James A. Gardner had this article in The Regulatory View. Here is an excerpt:
Across the nation, Republican-controlled states have generated a tsunami of legislation making it more difficult to vote. For half a century, Americans have relied almost exclusively on federal courts to maintain a democratically legitimate system of free and fair elections, at all levels of government. Reliance on the courts is unfortunately no longer a viable solution. The only way to secure free and fair democratic processes is through direct regulatory intervention by the U.S. Congress.
America’s path toward genuinely fair electoral competition has been long and meandering. On one hand, regulatory innovations have greatly improved the capacity of elections to register accurately popular sentiment. These include expansion of the franchise, the secret ballot, the initiative and referendum, civil rights legislation, independent districting commissions, campaign finance regulation, convenience voting, and many others.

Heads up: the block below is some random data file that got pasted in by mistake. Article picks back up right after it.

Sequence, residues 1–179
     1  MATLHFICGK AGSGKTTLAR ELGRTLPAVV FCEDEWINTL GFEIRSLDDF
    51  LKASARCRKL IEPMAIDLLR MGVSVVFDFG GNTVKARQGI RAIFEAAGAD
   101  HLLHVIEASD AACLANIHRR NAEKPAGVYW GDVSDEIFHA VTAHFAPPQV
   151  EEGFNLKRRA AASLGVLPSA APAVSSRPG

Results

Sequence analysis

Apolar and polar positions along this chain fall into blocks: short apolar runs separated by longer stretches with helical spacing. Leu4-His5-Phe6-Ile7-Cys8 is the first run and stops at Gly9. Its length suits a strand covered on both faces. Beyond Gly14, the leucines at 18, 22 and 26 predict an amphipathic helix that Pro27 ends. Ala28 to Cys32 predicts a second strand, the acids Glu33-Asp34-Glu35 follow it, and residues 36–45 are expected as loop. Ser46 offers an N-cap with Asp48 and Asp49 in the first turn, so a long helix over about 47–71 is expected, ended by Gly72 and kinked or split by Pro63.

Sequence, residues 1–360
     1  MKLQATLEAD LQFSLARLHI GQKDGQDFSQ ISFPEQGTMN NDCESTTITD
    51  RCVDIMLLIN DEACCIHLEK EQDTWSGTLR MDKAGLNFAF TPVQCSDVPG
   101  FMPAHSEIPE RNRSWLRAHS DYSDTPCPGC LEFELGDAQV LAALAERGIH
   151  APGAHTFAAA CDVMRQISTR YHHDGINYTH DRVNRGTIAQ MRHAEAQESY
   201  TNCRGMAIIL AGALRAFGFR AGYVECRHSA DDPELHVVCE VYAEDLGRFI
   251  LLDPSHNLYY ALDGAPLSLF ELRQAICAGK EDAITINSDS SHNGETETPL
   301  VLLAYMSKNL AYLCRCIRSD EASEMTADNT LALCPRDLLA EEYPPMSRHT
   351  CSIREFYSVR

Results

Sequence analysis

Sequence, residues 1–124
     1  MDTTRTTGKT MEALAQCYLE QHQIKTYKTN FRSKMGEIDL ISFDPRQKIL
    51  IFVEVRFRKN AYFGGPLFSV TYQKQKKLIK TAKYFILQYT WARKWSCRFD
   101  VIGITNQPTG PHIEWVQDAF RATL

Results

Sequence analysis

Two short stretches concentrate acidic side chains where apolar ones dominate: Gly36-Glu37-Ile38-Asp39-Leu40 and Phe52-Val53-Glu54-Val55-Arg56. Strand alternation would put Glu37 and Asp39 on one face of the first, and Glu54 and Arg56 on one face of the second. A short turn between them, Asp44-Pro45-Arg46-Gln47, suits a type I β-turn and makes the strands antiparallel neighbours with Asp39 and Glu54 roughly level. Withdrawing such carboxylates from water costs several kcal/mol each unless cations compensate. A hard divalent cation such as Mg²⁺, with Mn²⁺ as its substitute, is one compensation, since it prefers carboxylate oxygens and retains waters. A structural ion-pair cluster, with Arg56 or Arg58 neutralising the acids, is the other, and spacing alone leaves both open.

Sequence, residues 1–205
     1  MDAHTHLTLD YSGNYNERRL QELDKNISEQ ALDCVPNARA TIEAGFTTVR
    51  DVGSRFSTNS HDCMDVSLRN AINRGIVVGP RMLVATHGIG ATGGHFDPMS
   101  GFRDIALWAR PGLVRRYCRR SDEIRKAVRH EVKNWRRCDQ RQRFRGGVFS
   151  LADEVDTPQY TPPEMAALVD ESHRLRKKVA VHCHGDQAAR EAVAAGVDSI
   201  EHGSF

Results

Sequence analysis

On the other hand, the United States has a long history of state legislative manipulation of the rules of democracy. From the suppression of representation in newly settled areas of the original colonies to the eponymous 1812 gerrymander of the Massachusetts senate, through Jim Crow restrictions on voter eligibility, state legislatures have sometimes undermined rather than facilitated fair expression of the voters’ will.
Read the full article here.